on OSX but this feature also makes modules ineffective as a namespacing
scheme.

On Fri, Dec 29, 2017 at 8:35 PM, Eneko Alonso 
wrote:

> …all i wanted to do was write Thing:Namespace.Protocol
>
>
> Have you thought of using Swift modules for that? Maybe that would be a
> better approach than trying to name-space within a module?
>
> Regards,
> Eneko Alonso
>
> On Dec 29, 2017, at 16:51, Kelvin Ma via swift-evolution <
> swift-evolution@swift.org> wrote:
>
> …all i wanted to do was write Thing:Namespace.Protocol
>
> On Thu, Dec 28, 2017 at 4:43 PM, Adrian Zubarev via swift-evolution <
> swift-evolution@swift.org> wrote:
>
>> Well again I don’t think we should disallow capturing the outer generic
>> type parameter just because you cannot use the protocol inside the outer
>> type atm., you still can add a type-eraser. To be honest such usage of the
>> existential is not even a requirement for the outer type. On there other
>> hand we might want to set the default for the associated type like I showed
>> in my previous message. The nested protocol could serve a completely
>> different purpose. Furthermore I still think that Generic.P and
>> Generic.P should be distinct protocols just like nested generic and
>> non-generic types are within an outer generic type. Sure there could be
>> other problems with ambiguity if you think of something like
>> GenericViewController.Delegate, but the disambiguation when
>> conforming to such protocols requires a different solution and is a well
>> known limitation today.
>>
>> That said you won’t design such nested types anyways if you know the
>> existing language limitation. I’d say let’s keep it simple in theory and
>> just align the nesting behaviour.
>>
>> About existentials:
>>
>> For that scenario I can only speak for myself. I wouldn’t want to allow
>> directly the where clause existentials like this. It is far better and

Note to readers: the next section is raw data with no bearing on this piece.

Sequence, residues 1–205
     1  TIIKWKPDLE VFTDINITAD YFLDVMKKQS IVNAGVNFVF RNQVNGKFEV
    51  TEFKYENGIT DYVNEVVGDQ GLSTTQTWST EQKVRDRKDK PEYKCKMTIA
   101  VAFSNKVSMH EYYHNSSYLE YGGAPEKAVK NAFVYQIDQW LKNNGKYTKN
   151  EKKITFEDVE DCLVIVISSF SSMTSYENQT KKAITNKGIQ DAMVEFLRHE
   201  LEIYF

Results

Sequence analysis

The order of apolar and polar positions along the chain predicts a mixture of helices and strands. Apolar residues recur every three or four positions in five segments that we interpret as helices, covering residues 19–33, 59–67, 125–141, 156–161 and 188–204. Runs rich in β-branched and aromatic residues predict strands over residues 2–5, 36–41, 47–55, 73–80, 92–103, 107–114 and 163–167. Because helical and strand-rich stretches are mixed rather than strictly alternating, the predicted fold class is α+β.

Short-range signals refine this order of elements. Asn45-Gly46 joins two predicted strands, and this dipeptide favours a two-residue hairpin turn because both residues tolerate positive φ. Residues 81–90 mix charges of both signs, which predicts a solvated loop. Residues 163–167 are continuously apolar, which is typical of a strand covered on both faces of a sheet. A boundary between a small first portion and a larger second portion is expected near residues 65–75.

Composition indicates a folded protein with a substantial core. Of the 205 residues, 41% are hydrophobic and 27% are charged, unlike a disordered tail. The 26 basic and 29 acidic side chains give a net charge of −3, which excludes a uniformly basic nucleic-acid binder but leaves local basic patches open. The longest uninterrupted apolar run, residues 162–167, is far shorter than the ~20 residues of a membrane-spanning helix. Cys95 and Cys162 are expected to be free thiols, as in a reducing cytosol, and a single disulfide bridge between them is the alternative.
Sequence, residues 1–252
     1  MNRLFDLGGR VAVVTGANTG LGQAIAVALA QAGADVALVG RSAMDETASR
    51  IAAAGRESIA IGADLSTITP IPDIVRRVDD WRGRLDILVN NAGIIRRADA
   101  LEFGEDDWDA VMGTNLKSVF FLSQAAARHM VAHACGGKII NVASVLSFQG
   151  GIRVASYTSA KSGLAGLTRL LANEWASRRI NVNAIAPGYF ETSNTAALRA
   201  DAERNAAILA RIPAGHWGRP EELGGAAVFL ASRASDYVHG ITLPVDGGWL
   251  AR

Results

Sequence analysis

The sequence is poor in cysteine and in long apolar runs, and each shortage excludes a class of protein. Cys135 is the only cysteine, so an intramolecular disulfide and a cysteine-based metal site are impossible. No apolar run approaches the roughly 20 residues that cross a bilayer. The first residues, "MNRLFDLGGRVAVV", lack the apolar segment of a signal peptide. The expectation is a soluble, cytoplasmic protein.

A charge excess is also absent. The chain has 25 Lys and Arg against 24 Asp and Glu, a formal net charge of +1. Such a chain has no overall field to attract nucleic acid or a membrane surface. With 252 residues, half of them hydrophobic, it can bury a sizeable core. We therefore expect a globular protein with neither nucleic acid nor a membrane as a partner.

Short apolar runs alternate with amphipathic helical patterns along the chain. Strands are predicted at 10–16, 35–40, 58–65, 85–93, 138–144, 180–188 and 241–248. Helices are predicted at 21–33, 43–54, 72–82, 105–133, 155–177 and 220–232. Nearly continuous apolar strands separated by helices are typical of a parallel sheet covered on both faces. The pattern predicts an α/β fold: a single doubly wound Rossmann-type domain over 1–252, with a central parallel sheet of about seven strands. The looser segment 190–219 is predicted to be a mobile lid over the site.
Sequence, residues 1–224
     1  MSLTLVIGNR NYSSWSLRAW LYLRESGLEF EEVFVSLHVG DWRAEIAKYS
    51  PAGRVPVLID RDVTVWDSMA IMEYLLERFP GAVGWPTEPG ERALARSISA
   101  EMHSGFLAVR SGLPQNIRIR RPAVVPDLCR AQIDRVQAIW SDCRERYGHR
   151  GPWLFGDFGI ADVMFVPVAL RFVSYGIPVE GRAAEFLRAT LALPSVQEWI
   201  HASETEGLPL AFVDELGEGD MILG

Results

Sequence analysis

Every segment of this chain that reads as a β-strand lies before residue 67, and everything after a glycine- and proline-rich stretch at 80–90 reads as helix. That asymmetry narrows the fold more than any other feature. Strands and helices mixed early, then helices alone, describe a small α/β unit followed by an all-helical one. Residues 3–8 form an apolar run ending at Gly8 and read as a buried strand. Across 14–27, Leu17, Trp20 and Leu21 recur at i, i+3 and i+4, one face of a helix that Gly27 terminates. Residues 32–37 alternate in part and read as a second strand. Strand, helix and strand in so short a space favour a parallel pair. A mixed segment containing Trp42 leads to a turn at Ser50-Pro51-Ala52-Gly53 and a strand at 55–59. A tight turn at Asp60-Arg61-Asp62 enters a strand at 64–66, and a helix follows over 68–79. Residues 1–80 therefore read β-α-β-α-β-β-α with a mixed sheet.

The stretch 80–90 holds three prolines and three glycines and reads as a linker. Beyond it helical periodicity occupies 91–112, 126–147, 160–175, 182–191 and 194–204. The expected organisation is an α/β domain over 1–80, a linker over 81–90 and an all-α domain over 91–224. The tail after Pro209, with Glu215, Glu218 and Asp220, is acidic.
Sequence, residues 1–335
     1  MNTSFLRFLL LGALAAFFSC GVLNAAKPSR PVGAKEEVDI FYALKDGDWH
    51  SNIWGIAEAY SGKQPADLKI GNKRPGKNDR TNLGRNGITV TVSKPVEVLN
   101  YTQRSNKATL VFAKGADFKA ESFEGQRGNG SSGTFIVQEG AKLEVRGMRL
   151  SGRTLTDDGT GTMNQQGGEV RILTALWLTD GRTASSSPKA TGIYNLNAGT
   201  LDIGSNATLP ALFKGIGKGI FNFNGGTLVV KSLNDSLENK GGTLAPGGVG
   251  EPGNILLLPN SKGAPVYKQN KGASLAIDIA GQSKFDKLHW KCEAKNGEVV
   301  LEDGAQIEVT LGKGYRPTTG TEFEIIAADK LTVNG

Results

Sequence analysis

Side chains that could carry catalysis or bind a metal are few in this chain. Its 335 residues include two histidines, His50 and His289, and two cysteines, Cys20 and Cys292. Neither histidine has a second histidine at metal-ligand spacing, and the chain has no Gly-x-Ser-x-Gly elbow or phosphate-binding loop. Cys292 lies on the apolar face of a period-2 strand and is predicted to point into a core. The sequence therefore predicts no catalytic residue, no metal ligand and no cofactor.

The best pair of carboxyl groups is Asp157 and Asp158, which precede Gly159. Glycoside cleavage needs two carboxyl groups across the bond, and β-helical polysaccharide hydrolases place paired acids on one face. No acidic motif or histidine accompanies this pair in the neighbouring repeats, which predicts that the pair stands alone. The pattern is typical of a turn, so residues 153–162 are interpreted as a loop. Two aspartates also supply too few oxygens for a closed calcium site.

>> more readable when we force the where clause on typealiases instead. We
>> could lift that restriction later if we’d like to, but not the other way
>> around. I think it’s okay if we start with a small restriction first and
>> see if it adopts well (this is MHO), because this way it shouldn’t harm
>> anybody.
>>
>>
>>
>>
>> Am 28. Dezember 2017 um 21:51:29, Karl Wagner (razie...@gmail.com)
>> schrieb:
>>
>>
>>
>> On 28. Dec 2017, at 12:34, Adrian Zubarev > om> wrote:
>>
>> I disagree with some of your points. Do begin with, I don’t think we
>> should disallow capturing the generic type parameter, because I think there
>> might be a good way to prevent parameterization of nested protocols.
>>
>> To me this only feels like a natural consequence of nesting protocols
>> anyways. To achieve this we have to provide an explicit associated type
>> which will have a default type that refers to the captured outer generic
>> type parameter. At this point we discover another issue that we cannot
>> disambiguate generic type parameter like associated types yet and would be
>> forced to name the associated type of the protocol differently.
>>
>> struct Generic {
>>   protocol P {
>> associatedtype R = T
>> func f() -> R
>>   }
>> }
>>
>> As you can see I didn’t include the variable in this example, because
>> existential are orthogonal this issue. David Hart and I still want to write
>> a proposal to allow the where clause on typealiases - maybe after the
>> forum officially launches.
>>
>> Above I said that there is an issue and provided an example that would
>> solve that issue with todays syntax, but I’d rather expand this idea.
>> Consider this syntax of a generic type and a protocol with an associated
>> type.
>>
>> protocol Proto {
>>   associatedtype Element
>> }
>>
>> Proto.Element // This is an error like this, but it's still allowed in a 
>> generic context
>>
>> func function(_: P) where P.Element == Int {}
>>
>> protocol OtherProto : Proto where Element == Int {}
>>
>> struct Test {}
>>
>> extension Test where Element == Int {}
>>
>> Test.Element // Can/should we allow this?
>>
>> If we could allow this in Swift then the above example with the nested
>> protocol could be disambiguated nicely.
>>
>> struct Generic {
>>   protocol P {
>> associatedtype T = Generic.T
>> func f() -> T
>>   }
>> }
>>
>> Remember that Generic.T is only the default for P.T if you don’t set it
>> yourself but when you 

Re: [swift-evolution] namespacing protocols to other types

2017-12-29 Thread Kelvin Ma via swift-evolution
…all i wanted to do was write Thing:Namespace.Protocol

On Thu, Dec 28, 2017 at 4:43 PM, Adrian Zubarev via swift-evolution <
swift-evolution@swift.org> wrote:

> Well again I don’t think we should disallow capturing the outer generic
> type parameter just because you cannot use the protocol inside the outer
> type atm., you still can add a type-eraser. To be honest such usage of the
> existential is not even a requirement for the outer type. On there other
> hand we might want to set the default for the associated type like I showed
> in my previous message. The nested protocol could serve a completely
> different purpose. Furthermore I still think that Generic.P and
> Generic.P should be distinct protocols just like nested generic and